Memory T cells are critical for the immune response to recurring infections. Their instantaneous reactivity to pathogens is empowered by the persistent expression of cytokine-encoding mRNAs. How the translation of proteins from pre-formed cytokine-encoding mRNAs is prevented in the absence of infection has remained unclear. Here we found that protein production in memory T cells was blocked via a 3′ untranslated region (3′ UTR)-mediated process. Germline deletion of AU-rich elements (AREs) in the Ifng-3′ UTR led to chronic cytokine production in memory T cells. This aberrant protein production did not result from increased expression and/or half-life of the mRNA. Instead, AREs blocked the recruitment of cytokine-encoding mRNA to ribosomes; this block depended on the ARE-binding protein ZFP36L2. Thus, AREs mediate repression of translation in mouse and human memory T cells by preventing undesirable protein production from pre-formed cytokine-encoding mRNAs in the absence of infection.

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We thank the animal caretakers of the NKI and the FACS facility of Sanquin Research and the Babraham Institute for excellent assistance. We thank D. Zehn (TU Munich) for the LM-OVA strain, J. Rohr (University of Freiburg) for Listeria cultures; H. Meijer for sharing the sucrose cushion protocol; G. Stoecklin (University of Heidelberg) for the 4xS1m aptamer construct; R. Arens (Leiden University), T. Schumacher (Netherlands Cancer Institute) and J. den Haan (Free University, Amsterdam) for providing mice; S. Libregts, B. van Steensel, K. Moore and B. Nicolet for technical help and advice; and D. Amsen, M. Nolte and R. van Lier for critical reading of the manuscript. M.T. and S.E.B. are supported by the Biotechnology and Biological Sciences Research Council. D.L.H. and H.A.Y. are funded through the intramural research program of the US NCI, NIH. The use of materials and reagents does not imply any endorsement of these products by the US government. This research was supported by the Dutch Science Foundation (VENI grant 916.76.127/VIDI grant 917.14.314, to M.C.W.).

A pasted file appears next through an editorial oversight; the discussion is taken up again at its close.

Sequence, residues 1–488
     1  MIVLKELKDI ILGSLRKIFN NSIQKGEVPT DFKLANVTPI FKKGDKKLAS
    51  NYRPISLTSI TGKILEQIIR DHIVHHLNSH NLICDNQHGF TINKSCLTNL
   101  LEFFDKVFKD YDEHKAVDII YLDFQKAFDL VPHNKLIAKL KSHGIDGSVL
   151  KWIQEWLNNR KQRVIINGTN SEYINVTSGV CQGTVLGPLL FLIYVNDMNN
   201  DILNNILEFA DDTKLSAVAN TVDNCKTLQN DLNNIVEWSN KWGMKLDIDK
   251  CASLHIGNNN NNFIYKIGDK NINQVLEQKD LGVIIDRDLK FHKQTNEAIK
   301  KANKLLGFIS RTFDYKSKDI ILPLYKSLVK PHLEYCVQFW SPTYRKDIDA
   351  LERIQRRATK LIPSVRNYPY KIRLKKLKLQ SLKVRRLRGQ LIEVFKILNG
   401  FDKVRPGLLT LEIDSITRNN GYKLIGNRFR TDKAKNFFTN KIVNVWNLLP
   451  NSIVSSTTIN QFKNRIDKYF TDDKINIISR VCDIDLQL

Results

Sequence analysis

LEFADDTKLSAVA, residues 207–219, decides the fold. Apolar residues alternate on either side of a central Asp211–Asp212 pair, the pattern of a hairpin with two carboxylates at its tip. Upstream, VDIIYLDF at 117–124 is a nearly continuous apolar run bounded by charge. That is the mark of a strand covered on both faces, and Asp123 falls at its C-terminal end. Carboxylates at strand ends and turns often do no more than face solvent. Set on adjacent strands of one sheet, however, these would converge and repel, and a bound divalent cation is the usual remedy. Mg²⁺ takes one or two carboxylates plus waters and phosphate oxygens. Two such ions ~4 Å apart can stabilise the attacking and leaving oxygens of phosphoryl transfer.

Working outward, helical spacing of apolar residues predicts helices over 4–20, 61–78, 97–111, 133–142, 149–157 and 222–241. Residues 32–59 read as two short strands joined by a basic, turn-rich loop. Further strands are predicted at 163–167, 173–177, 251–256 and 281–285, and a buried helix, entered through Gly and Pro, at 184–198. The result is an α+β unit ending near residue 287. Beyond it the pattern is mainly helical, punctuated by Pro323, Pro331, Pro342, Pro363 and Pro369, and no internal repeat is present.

Author information


  1. Sanquin Research, Department of Hematopoiesis, and Landsteiner Laboratory, Academic Medical Centre (AMC), University of Amsterdam, Amsterdam, the Netherlands

    • Fiamma Salerno
    • , Sander Engels
    • , Aurelie Guislain
    • , Wanqi Zhao
    • , Marieke von Lindern
    •  & Monika C. Wolkers
  2. Sanquin Research, Department of Plasma Proteins, Amsterdam, the Netherlands

    • Maartje van den Biggelaar
    •  & Floris P. J. van Alphen
  3. Laboratory of Experimental Immunology, Cancer and Inflammation Program, Center for Cancer Research, National Cancer Institute, Frederick, MD, USA

    • Deborah L. Hodge
    •  & Howard A. Young
  4. Laboratory of Lymphocyte Signalling and Development, The Babraham Institute, Babraham, UK

    • Sarah E. Bell
    •  & Martin Turner
  5. Laboratory of Experimental Oncology and Radiobiology (LEXOR), Center for Experimental Molecular Medicine (CEMM), Academic Medical Center (AMC), University of Amsterdam, Amsterdam, the Netherlands

    • Jan Paul Medema


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F.S. and M.C.W. designed experiments, F.S., S.E., M.v.d.B., F.P.J.v.A., A.G., W.Z., S.E.B. and M.C.W. performed experiments and analyzed the data, D.L.H. and H.A.Y. contributed the ARE-Del mice; S.E.B. and M.T. contributed the CD4cre-Zfp36l2flox/flox mice; M.v.L., M.T., H.A.Y. and J.P.M. provided intellectual input; M.C.W. directed the study; F.S. and M.C.W. wrote the manuscript.

Competing interests

The authors declare no competing interests.

Corresponding author

Correspondence to Monika C. Wolkers.

Integrated supplementary information

  1. Supplementary Figure 1 Ifng 3′-UTR-dependent regulation of GFP expression in T cells.